This case study, which explores a participatory textile making research project, is written by Giuseppina Santoro. To see more case studies or find out how to contribute one yourself, click here.
Title of case study project or workshop
Web of Love – Strega Figia
Name(s) of researcher(s) and university affiliation, if any
Giuseppina Santoro – Anglia Ruskin University Cambridge
Context for research
PhD. The main theme of my practice-based research is to bring to light the views and frustrations of second-generation Sicilian/Italian women living within today’s culture in the UK. Questions about how these experiences aﬀect my life began as the main influence.
When did the research take place?
Disciplinary background(s) of the researcher(s)
Aims of research
The research aims include reclaiming my culture and identity using traditional folk art crafts to create contemporary art. My experiences of displacement here in the UK are communicated by looking at cultural elements of myself through Sicilian folkloristic avenues such as: cooking, food, rituals/practices and behaviours in spaces/places in the home. I am a mother of three who is constantly challenged by my many roles e.g. mother/daughter/artist/lover…
Description of research method
Over the course of a year, I spent many helpless hours at my mother’s bedside praying for her recovery. Alongside those prayers (recited in Italian in the hope that she would hear me) were thoughts and questions around the reality that she may leave me forever.
The crochet piece was made alongside thinking good intentions, like a spell. The blanket is the physical manifestation of this. The stitching solidifies the thoughts. The thoughts are written down with the artwork piece:
“Remember to plant a bayleaf bush for prosperity, thornless roses for love and a rosemary bush by the front door of your home to protect it and all those who dwell there. Each stitch I crotchet in my web of love is for you and because of you.”
Why did you choose to use this method?
“Jesus was saved by spider webs” she used to tell me as a child. So, in an attempt to protect her from harm and prepare her (and myself) for the possibility of her death, I began to crotchet a web with animus thoughts intertwined. Positive, loving thoughts (animus) is what drives the piece of crochet. My upbringing included a lot of healing arts practiced by the women in my family. It was my natural response to return the care that I had always received and to try to protect my mamma from any bad forces that may fall upon her at this critical time. The practices are tied up in many types of folk art practices (stitching, embroidery, crochet and cooking) and were/are often made and carried out together. The making of household items, clothes etc. is very much a social event among female family and friends and is part of everyday household chores.
What did you learn from the research process?
The process was time spent together: stitching together, praying together. I learnt that the presence of another whilst creating was enough to change my thinking. It was a long, bitter-sweet process.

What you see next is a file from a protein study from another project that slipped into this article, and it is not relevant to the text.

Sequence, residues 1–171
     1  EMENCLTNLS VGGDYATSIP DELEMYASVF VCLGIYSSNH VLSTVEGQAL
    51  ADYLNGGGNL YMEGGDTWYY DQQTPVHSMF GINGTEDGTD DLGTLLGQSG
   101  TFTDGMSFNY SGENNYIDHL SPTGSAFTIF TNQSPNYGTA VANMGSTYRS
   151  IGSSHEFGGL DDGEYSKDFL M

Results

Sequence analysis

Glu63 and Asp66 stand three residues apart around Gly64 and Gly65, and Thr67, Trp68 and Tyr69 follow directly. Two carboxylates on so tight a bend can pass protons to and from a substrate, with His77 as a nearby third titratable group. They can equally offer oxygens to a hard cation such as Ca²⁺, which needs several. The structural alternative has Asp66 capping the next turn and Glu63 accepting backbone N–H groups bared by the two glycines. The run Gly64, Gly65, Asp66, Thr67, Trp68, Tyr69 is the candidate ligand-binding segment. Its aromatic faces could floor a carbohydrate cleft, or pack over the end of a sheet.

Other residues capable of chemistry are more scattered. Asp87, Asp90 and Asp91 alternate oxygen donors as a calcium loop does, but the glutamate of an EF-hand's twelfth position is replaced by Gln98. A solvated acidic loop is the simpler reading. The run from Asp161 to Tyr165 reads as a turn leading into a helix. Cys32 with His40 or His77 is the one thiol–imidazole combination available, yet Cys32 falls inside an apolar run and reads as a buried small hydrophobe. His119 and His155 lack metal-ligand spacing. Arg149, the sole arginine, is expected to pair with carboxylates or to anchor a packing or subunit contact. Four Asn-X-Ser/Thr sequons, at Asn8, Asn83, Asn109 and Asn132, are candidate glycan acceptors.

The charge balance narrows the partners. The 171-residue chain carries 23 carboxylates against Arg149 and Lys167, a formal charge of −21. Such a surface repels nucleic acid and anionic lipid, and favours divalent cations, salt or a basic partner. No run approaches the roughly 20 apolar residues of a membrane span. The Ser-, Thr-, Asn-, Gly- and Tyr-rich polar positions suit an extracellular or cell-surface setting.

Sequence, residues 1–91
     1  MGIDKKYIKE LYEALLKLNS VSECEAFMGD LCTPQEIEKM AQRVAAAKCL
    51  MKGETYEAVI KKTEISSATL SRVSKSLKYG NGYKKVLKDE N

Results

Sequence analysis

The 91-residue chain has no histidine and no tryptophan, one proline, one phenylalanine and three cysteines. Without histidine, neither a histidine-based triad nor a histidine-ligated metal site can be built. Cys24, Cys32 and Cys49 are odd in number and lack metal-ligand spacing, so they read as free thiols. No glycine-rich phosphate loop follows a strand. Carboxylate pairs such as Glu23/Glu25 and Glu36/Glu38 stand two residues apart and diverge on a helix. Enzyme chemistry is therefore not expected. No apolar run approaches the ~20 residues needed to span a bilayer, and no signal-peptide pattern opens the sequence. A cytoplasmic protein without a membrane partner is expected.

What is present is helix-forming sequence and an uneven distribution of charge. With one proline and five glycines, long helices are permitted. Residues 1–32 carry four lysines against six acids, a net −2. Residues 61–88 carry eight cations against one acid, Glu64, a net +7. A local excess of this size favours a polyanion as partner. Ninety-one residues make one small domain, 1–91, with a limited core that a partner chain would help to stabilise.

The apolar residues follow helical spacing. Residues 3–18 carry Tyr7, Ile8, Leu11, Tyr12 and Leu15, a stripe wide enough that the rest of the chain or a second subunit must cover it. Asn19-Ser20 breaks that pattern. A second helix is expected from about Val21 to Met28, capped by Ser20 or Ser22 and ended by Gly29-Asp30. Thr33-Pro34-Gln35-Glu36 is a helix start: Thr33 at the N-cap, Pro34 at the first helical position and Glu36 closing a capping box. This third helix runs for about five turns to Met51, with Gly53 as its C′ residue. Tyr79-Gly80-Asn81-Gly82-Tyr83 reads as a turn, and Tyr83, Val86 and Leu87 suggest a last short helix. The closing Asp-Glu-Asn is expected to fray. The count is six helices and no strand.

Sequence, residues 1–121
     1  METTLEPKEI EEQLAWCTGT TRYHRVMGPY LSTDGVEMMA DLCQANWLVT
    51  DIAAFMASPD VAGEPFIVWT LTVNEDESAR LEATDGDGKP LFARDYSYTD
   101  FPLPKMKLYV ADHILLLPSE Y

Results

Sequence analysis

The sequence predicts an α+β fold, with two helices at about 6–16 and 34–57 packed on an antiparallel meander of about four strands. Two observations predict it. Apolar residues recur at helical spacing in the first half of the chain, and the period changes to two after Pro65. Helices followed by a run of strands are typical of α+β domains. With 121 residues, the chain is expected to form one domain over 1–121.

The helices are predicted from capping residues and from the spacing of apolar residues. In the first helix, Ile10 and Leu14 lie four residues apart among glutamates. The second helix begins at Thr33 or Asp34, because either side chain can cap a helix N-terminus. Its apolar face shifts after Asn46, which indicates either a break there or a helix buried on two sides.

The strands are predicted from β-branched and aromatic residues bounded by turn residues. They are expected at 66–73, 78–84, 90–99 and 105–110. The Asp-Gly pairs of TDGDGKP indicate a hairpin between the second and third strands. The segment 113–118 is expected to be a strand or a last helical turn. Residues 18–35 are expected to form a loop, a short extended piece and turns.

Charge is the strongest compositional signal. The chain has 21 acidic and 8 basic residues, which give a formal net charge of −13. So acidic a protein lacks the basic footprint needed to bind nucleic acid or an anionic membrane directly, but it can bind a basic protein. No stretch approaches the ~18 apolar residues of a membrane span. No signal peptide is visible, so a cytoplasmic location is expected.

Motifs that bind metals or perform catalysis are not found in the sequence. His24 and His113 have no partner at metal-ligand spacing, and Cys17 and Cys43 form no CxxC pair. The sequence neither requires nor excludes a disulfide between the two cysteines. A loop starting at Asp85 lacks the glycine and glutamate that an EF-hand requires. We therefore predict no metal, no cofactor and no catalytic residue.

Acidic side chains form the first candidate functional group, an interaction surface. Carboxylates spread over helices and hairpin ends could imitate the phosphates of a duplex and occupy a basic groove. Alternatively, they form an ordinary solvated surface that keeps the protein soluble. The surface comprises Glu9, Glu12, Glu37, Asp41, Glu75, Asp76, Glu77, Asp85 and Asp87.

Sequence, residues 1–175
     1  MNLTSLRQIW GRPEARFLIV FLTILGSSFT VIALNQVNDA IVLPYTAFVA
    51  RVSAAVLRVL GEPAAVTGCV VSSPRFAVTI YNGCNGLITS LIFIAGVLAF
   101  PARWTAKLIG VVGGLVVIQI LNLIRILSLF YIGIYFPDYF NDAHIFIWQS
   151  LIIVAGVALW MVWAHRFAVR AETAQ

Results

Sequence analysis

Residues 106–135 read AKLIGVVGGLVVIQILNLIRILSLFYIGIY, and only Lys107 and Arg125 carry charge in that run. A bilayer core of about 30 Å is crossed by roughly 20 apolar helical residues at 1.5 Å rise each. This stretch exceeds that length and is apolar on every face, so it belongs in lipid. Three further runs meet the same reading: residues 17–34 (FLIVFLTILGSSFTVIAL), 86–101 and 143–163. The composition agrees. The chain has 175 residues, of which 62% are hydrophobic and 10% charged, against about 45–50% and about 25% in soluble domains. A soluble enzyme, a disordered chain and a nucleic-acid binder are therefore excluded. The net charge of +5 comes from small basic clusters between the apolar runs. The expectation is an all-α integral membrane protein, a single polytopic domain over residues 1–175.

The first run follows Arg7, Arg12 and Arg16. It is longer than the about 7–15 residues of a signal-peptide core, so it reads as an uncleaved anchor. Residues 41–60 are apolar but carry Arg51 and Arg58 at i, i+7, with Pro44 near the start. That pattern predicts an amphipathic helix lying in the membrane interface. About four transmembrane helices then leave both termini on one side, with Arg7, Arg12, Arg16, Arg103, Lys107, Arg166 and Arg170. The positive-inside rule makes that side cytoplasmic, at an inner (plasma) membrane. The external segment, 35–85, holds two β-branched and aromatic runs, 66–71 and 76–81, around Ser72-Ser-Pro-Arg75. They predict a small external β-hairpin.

The thinking behind this artwork was to create a kind of spell. To make something, an object, that I could leave on my mamma when I left the room, and that would continuously repeat the intention for her when I wasn’t with her in the care home. The ritual I created is a take on my cultural rituals practiced at home. Healing arts/ witchcraft are often misunderstood and can be associated with evil and negativity. This is the opposite of that. Only positive thoughts were embedded in this work.
Mamma and I often made things in the home together. My husband bought my first sewing machine for my birthday when we married in 1996. Before that I had used Mamma’s or Nonna’s sewing machine to sew. Mamma baked bread daily, so I made her cotton bread bags to cover the loaves once baked and cooling. I made new cushion seat covers for her favourite old sofa and also for her outdoor garden swing seat.
While I was working on the crochet intention blanket, I would take breaks and share with mamma what I was doing. There was an occasional response and she would smile or squeeze my hand. We were definitely making this together.
It was our final piece.
The power of being close enough to almost feel her thoughts. She communicated only with little breaths of acknowledgment. I spoke, she listened and squeezed my hand. I covered her with the blanket when I left for the day. I continued when I returned.
My grandmother’s crochet mainly springs to mind as a starting point. The women in my family work on embroidered tablecloths, pillowcases and bedding all prepared as part of their dowry goods that a wife brings to her husband at marriage.
My practice is informed by Miriam Schapiro’s ‘Femmages’ (1971 – 1985) and women’s textile works connected to the home and domestic space. Some of the works that informed this particular piece include: Greta Bratescu ‘Traveller’ (1971) and the often tragic cell pieces of Louise Bourgeois (1989), together with the uncanny artworks of Carol Rama, such as ‘space even more than time’ (2017).